Mark Noad sends us a link to a new version of the Tube map he's put together. It shows all stations on the network displayed in positions closer to their actual locations than on the official map. The Thames also adopts a more naturalistic shape.
The map is an unofficial response to a recent backlash against the standard version, originally designed by Harry Beck. This is often described as a 'design classic', showing routes and stations schematically rather than geographically. Some think it's confusing. Recent research found that many travellers make longer journeys than necessary after consulting the map.
Hence, Noad's spatially improved effort. It's only a test version at the moment, but is already stirring up attention. Of course, the idea is nothing new. Before Beck came along, all Tube maps were geographically based, and other attempts have been made to make geographically accurate modern maps. This updated version seems to be a compromise between the clean angles of the official map and the cluttered chaos of a truly precise representation. What do you think?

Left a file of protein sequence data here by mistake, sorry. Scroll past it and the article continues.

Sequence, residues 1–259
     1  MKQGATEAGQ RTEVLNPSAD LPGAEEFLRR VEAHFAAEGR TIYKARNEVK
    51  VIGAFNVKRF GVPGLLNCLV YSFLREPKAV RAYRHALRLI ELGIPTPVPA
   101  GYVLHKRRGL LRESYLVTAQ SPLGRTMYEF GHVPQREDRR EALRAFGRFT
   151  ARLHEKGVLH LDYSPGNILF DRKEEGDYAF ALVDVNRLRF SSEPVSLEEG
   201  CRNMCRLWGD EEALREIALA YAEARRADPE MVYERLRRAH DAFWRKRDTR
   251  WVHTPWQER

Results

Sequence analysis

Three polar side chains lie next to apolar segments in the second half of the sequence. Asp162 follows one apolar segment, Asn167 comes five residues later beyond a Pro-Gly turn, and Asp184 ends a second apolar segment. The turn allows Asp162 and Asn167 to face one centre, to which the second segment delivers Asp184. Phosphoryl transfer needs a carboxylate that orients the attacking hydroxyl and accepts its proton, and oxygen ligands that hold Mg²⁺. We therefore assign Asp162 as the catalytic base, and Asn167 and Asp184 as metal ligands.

See also: Our guide to alternative Tube maps.